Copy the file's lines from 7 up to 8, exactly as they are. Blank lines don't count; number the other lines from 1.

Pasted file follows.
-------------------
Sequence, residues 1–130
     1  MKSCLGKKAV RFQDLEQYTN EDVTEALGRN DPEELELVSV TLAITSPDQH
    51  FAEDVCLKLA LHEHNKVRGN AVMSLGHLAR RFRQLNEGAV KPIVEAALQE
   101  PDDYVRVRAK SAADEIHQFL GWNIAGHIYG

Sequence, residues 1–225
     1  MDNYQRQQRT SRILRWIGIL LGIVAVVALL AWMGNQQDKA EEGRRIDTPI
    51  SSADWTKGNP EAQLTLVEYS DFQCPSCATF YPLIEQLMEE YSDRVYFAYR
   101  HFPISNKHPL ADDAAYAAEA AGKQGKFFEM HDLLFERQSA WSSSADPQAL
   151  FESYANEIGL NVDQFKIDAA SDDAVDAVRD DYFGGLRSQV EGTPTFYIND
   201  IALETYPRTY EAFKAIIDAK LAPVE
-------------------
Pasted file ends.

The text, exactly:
    51  SSADWTKGNP EAQLTLVEYS DFQCPSCATF YPLIEQLMEE YSDRVYFAYR
   101  HFPISNKHPL ADDAAYAAEA AGKQGKFFEM HDLLFERQSA WSSSADPQAL